In the UCSF-led clinical validation study of diagnostic biopsies from 395 men who were candidates for active surveillance, the GPS predicted the presence of adverse pathology (defined as high-grade and/or high-stage disease) within the entire prostate prior to intervention (p=0.002). Importantly, GPS predicted adverse pathology (p < 0.005) after controlling for established clinical factors such as PSA, biopsy Gleason Score and age in multivariable analysis. Finally, the use of GPS in conjunction with NCCN® categories or CAPRA score was shown to significantly improve risk assessment and potentially increase the number of men who should consider Active Surveillance.
Each year, more than 210,000 U.S. men are diagnosed with prostate cancer based on their needle biopsies. However, the existing methods of examining the very small amounts of tissue obtained by needle biopsy under the microscope do not adequately predict whether more aggressive disease might remain in the prostate. This limitation has led most men to decide to treat prostate cancer immediately, despite a less than three percent chance of prostate cancer causing significant medical problems during their life.
"Each cancer has unique tumor biology that drives clinical behavior, and we have developed tests—each with distinct genes across multiple pathways—in order to address the most relevant questions for breast, colon and prostate cancer patients," said Phil Febbo, M.D., chief medical officer, Genomic Health. "We believe, that based on these findings, the use of GPS can potentially increase the number of men who could confidently choose active surveillance by 20 to 30 percent. For men with prostate cancer, the ability to more precisely define their individual risk of aggressive disease is a significant leap forward in precision cancer care."
The publication, titled "A 17-gene Assay to Predict Prostate Cancer Aggressiveness in the Context of Gleason Grade Heterogeneity, Tumor Multifocality, and Biopsy Undersampling," (Klein, Cooperberg, et al) was published online on May 16 in European Urology, an international journal with the highest impact factor in urology.
About Genomic Health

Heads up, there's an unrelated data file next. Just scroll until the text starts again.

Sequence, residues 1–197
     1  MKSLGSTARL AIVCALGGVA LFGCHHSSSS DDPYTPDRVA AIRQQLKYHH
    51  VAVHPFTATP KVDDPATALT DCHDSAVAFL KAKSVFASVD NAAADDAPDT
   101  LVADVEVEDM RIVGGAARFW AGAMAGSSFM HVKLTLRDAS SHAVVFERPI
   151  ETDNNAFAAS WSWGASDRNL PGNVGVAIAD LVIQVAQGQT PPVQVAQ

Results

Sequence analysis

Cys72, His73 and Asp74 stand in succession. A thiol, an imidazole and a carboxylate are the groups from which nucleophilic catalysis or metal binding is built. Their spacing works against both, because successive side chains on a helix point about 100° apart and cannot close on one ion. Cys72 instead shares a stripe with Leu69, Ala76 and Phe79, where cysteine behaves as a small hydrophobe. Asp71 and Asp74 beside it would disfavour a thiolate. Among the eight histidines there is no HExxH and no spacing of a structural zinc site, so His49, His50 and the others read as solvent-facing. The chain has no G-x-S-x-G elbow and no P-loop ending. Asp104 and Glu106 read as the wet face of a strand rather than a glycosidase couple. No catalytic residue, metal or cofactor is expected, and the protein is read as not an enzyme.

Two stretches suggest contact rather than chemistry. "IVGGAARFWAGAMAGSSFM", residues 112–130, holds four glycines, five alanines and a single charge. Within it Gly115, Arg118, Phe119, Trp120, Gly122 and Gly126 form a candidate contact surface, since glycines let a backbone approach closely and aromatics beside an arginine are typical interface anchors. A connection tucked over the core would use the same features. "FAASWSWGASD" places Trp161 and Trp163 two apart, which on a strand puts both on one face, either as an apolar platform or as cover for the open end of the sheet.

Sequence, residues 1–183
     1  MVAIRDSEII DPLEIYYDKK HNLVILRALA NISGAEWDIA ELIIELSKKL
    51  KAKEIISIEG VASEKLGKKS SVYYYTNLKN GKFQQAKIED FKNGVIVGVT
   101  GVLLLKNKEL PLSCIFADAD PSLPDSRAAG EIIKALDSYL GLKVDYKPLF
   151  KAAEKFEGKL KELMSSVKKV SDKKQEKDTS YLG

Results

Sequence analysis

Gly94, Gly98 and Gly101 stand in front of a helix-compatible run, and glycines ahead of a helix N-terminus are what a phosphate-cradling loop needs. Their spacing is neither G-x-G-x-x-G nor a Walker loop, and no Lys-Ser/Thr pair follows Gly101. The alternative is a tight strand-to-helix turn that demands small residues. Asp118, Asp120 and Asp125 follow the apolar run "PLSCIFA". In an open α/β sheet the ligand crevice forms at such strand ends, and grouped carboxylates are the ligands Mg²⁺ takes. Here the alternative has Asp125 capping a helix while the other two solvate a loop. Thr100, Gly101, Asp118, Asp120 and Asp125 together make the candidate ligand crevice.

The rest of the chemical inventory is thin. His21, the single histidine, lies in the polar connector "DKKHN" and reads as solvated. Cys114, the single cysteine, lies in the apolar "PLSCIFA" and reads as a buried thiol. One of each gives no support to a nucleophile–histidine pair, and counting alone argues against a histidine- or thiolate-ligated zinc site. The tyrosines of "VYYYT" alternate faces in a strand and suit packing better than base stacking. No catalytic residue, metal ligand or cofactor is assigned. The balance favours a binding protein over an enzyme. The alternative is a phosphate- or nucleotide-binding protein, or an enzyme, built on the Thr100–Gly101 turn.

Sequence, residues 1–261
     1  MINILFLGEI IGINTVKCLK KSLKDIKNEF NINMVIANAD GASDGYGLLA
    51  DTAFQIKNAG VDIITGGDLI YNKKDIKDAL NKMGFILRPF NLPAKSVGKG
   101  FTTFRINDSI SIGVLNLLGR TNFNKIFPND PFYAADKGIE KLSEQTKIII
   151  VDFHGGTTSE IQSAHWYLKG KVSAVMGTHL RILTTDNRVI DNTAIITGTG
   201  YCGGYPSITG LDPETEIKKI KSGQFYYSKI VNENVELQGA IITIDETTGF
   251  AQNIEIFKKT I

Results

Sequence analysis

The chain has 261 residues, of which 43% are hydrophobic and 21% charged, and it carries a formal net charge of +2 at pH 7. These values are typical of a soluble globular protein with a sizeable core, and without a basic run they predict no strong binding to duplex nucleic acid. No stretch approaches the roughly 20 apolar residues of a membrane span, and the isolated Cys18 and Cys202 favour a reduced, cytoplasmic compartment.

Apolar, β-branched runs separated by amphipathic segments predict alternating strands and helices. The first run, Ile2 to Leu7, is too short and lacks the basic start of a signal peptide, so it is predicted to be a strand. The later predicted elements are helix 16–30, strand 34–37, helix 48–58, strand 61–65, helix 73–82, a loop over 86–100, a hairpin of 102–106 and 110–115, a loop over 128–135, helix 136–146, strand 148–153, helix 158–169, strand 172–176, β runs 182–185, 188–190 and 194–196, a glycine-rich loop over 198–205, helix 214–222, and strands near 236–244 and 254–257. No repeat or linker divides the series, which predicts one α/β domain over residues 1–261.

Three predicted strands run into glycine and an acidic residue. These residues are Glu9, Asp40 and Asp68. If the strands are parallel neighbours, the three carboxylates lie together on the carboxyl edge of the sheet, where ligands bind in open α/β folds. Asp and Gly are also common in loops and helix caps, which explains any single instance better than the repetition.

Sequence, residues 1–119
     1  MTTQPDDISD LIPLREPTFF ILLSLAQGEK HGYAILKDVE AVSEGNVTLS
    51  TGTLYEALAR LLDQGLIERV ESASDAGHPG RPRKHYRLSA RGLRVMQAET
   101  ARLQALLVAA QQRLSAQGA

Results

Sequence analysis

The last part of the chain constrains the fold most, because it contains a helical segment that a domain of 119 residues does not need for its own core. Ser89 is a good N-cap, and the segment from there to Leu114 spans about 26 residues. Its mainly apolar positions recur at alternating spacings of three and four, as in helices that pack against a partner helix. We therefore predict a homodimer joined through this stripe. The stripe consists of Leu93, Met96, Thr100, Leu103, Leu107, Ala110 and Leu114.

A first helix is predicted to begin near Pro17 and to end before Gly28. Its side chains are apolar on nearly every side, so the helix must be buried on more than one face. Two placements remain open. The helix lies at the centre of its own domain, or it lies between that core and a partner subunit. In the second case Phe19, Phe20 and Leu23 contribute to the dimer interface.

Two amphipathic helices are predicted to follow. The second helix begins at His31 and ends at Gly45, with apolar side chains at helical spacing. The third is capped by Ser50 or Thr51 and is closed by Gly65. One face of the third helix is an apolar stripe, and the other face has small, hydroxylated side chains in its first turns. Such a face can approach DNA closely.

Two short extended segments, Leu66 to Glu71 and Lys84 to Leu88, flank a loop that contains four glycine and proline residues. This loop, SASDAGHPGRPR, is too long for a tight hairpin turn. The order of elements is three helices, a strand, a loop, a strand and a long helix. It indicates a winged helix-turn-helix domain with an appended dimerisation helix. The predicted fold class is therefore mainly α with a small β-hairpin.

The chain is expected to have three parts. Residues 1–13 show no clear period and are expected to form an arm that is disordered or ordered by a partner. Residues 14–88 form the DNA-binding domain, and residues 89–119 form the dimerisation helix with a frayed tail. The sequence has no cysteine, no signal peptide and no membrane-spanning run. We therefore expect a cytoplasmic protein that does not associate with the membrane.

Genomic Health, Inc. is the world's leading provider of genomic-based diagnostic tests that address both the overtreatment and optimal treatment of early stage cancer, one of the greatest issues in healthcare today. The company is applying its world-class scientific and commercial expertise and infrastructure to lead the translation of massive amounts of genomic data into clinically-actionable results for treatment planning throughout the cancer patient's journey, from screening and surveillance, through diagnosis, treatment selection and monitoring. Genomic Health's lead product, the Oncotype DX® breast cancer test, has been shown to predict the likelihood of chemotherapy benefit as well as recurrence in invasive breast cancer and has been shown to predict the likelihood of recurrence in ductal carcinoma in situ (DCIS). In addition to this widely adopted test, Genomic Health provides the Oncotype DX colon cancer test, the first multi-gene expression test developed for the assessment of risk of recurrence in patients with stage II and stage III disease, and the Oncotype DX prostate cancer test, which predicts disease aggressiveness in men with low risk disease. As of March 31, 2014, more than 19,000 physicians in over 70 countries had ordered more than 440,000 Oncotype DX tests. The company is based in Redwood City, California with European headquarters in Geneva, Switzerland. For more information, please visit, www.GenomicHealth.com and follow the company on Twitter: @GenomicHealth. To learn more about OncotypeDX tests, visit: www.OncotypeDX.com, www.mybreastcancertreatment.org and www.myprostatecancertreatment.org.